10/3/14

Coffee with two hands



The other day I was listening to a podcast (The Accidental Creative by Todd Henry) on how to stoke your creativity and refill your creative well. (This episode.)

He says "If you want to have great ideas consistently, you must be fiercely curious." I love that he is connecting creativity and curiosity. One of my "one little words" was curious (in 2012), and it was the year I decided to leave my job and embark on a more creative life. So I totally get that.

The podcast goes on to talk about techniques you can use to stoke your creativity and enhance your curiosity. It's really important to "refill your creative well" he says, and to do so, he talks about reading widely, and studying the great minds in your creative field.

It got me thinking about creative inputs, and how to tell the difference between good creative inputs and bad ones. I'm reflecting on it this month in particular, in light of my October Dare to spend less time online (particularly on email, blogs, and social media) and more time creating my own work in my own creative space.

So there is a little contradiction here, right? Or perhaps not a contradiction but a balance that must be achieved between protecting space in our own world for our creativity and spending time nibbling on the creative minds of others to refill the well.

How do you know when to do which?

Which are the good inputs, and which are the bad ones?

Sometimes it's not easy to tell.

With all this swirling in my head, I came across the idea of drinking your coffee with two hands. I read about it here. (Uh oh, I'm on blogs again, which I said I wouldn't do, but in this case I got a great nugget from it. Hmmm.)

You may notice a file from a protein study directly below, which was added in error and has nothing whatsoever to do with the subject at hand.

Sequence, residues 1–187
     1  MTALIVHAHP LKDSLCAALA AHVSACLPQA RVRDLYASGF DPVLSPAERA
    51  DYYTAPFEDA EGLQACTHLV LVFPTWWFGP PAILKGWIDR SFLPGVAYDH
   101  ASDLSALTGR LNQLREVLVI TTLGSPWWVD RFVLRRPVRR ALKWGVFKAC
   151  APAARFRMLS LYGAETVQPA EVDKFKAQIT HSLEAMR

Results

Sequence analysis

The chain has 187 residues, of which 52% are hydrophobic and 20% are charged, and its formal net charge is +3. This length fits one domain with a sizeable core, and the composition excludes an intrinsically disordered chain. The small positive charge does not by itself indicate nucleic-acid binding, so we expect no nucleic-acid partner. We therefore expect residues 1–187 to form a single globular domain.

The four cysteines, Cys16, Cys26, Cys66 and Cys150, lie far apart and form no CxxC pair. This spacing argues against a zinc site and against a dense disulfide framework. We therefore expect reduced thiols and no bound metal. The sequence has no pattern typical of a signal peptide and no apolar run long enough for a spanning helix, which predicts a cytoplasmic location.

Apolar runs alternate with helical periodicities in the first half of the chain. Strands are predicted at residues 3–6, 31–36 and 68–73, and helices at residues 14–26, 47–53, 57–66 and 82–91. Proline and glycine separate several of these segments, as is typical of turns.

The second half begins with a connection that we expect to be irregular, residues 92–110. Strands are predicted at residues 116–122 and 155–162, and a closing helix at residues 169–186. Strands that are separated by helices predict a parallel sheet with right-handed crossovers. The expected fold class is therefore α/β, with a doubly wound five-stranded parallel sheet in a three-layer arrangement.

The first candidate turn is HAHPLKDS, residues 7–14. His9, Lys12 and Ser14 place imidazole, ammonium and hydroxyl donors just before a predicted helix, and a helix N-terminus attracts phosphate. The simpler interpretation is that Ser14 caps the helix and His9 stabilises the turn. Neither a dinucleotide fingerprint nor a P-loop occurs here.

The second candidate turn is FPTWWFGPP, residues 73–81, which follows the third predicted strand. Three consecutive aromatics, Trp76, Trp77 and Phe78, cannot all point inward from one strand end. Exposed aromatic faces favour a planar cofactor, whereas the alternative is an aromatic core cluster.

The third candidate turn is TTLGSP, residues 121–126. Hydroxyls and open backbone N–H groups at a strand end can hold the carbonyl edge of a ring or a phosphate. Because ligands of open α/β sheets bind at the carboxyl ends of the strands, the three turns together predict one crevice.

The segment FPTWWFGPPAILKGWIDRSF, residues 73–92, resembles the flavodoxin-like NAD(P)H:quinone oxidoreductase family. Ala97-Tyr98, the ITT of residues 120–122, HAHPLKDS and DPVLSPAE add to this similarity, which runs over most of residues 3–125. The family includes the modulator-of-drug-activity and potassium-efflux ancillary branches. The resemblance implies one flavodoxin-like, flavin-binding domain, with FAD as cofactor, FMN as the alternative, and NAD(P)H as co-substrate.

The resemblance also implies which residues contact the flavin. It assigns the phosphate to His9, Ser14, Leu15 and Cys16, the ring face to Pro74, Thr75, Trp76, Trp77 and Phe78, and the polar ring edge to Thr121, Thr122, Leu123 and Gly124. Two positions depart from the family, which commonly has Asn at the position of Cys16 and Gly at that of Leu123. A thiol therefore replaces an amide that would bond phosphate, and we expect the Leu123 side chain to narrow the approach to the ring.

Anyway, you might wonder what drinking coffee with two hands has to do with anything in this post. Here's the thing. Drinking coffee with two hands usually means we are in the moment just a little more than when we drink it with one hand. We are soaking it in a little more. It is an analogy for slowing down and tuning in to what is in front of us.

And so it occurred to me that maybe this is the answer. Whether I am gathering inputs to refill the well, or working within my own protected creative space, I need to do it with two hands. I need to avoid the spastic changes in focus between these very different types of tasks (i.e. drinking coffee with one hand, multi tasking with the other.) It's when I try to jump back and forth between these worlds that I end up in trouble. Instead, I need to carve out a big chunk of time for one or the other, not both, then "drink it with both hands."

Here's to drinking your coffee with both hands.

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